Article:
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Emergency planning for hurricanes based on US Census

City of Jacksonville Emergency Preparedness Deputy Director Todd Smith uses information gathered during the Census to prepare for any situation during a disaster

Emergency planning for hurricanes based on US Census
Emergency planning for hurricanes based on US Census

JACKSONVILLE, Fla. – Hurricane season begins June 1, but preparations in Northeast Florida have already begun, with traffic patterns in case of an emergency being laid out and shelter locations being designated.

Emergency operations centers get the information to plan for disasters such as hurricanes from the U.S. Census.

Once every decade, U.S. Census Bureau workers go out into our communities and ask for information such as how many people live in your home and what language do you speak -- simple information from you that is critical in an emergency.

“Our emergency planning is based on the Census," said City of Jacksonville Emergency Preparedness Deputy Director Todd Smith.

One of Smith’s jobs is to use information gathered during the Census to prepare for any situation during a disaster.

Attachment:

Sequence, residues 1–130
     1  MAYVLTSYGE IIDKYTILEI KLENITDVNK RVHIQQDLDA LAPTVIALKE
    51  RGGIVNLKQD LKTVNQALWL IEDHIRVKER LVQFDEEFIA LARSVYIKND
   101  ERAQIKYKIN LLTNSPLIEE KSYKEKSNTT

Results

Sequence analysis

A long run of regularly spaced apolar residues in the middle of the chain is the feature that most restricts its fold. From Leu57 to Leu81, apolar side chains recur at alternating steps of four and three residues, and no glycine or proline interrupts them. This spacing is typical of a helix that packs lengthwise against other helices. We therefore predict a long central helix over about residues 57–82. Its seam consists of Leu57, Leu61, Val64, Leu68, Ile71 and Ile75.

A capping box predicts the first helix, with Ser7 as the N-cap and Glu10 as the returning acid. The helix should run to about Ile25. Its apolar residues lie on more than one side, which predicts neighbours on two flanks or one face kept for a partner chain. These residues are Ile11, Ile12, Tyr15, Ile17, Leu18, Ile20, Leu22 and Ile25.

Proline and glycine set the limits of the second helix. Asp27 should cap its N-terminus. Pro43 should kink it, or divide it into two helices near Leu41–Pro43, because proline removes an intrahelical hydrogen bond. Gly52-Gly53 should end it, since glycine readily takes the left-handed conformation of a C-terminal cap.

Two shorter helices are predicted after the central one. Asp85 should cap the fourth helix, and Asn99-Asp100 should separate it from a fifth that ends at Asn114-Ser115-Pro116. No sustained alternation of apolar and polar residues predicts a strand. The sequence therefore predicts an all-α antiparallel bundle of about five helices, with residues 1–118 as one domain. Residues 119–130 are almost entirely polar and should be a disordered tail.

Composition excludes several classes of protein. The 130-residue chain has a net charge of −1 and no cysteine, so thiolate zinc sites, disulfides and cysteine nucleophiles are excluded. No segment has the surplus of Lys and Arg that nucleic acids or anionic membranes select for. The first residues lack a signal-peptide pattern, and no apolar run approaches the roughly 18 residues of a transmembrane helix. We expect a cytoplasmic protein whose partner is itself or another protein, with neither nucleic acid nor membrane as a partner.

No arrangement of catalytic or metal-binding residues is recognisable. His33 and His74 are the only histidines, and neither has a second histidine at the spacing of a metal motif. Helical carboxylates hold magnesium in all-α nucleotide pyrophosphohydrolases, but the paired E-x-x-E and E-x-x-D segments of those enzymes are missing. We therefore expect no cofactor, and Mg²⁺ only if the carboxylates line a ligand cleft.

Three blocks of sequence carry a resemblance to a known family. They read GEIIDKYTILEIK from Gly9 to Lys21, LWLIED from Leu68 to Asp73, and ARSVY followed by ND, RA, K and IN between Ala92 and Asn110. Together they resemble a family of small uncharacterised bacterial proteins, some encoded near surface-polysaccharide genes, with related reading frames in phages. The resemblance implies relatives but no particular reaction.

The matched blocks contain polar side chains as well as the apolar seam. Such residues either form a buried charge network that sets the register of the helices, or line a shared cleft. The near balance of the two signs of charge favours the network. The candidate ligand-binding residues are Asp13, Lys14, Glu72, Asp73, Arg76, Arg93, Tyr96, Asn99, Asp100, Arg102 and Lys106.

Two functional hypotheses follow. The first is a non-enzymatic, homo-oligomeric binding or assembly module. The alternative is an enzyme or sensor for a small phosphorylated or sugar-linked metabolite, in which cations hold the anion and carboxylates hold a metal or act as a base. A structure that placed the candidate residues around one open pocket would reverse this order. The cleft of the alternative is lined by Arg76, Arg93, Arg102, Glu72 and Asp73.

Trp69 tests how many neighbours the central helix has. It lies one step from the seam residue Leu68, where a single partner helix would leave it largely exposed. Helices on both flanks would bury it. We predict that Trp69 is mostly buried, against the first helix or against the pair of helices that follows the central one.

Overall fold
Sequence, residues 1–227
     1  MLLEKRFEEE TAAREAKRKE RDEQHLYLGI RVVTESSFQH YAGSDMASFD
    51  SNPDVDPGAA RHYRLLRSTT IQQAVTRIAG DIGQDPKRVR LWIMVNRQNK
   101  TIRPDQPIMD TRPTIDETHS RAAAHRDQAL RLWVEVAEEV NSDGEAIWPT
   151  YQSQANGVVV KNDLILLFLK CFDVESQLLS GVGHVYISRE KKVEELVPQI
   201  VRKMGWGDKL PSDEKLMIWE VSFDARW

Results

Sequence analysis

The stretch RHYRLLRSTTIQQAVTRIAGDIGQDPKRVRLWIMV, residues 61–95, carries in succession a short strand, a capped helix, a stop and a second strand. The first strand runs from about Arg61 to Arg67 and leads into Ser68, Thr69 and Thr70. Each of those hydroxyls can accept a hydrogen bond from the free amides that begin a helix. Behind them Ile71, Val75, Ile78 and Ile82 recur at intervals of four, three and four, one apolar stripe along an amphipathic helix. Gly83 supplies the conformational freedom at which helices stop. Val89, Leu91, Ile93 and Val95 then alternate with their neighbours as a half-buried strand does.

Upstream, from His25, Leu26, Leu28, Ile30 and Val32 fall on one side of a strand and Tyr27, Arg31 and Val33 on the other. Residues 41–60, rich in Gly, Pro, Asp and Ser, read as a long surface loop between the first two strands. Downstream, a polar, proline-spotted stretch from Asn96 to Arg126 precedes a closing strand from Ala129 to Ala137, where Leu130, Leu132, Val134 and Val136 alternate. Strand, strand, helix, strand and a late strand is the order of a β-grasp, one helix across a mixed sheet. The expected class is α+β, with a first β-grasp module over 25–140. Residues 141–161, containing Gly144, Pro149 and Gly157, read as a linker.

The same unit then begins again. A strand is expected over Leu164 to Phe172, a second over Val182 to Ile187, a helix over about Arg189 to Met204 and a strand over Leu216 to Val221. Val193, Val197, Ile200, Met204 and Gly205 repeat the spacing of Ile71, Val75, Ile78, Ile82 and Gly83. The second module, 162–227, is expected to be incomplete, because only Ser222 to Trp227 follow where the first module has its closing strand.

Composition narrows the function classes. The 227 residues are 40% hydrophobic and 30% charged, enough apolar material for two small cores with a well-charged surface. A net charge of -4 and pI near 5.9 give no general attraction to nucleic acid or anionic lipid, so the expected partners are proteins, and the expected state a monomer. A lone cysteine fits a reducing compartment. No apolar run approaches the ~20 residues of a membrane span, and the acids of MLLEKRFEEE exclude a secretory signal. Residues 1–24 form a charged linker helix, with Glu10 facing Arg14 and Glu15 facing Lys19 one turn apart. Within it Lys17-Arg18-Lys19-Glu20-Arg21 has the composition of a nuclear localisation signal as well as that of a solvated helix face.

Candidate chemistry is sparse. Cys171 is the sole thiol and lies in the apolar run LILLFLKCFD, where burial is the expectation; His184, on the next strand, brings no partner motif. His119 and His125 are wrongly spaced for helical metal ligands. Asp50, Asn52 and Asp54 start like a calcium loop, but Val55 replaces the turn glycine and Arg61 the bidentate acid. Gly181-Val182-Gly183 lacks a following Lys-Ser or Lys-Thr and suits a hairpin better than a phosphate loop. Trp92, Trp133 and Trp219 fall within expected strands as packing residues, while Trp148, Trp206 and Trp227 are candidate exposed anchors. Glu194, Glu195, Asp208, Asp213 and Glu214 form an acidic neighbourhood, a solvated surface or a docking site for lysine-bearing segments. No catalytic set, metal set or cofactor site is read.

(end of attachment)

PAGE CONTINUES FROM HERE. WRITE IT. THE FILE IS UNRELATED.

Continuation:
“We can plan for the amount of sheltering that we would need," Smith said. "That would be one topic amongst many topics.”

Other topics include medical needs, public transportation and even what language to print the emergency guides in -- all aspects we saw put into practice last year when Hurricane Dorian crawled up Florida’s East Coast.

“When the mayor called for the evacuation for A, B, and subsequently C, that was about 465,000 people that were under the evacuation order," Smith said. “Any of those things, all of those things are affected by having an accurate Census.”

Starting this month every household will receive a form in the mail asking these six questions:

  • Their age and date of birth
  • If they are of Hispanic, Latino or Spanish origin
  • Their race
  • Their relationship to other people in their household
  • Their sex
  • Whether their home is rented or owned by a resident

Remember, the Census takers will not ask you about your immigration status and will not ask for any money.

And, if you do not fill out that form, you’re breaking the law and could face fines up to $10,000 if you provide false information. You can also expect the U.S. Census Bureau to follow up in person or by phone to collect the information.


About the Author:

Lauren Verno anchors the 9 a.m. hour of The Morning Show and is the consumer investigative reporter weekday afternoons.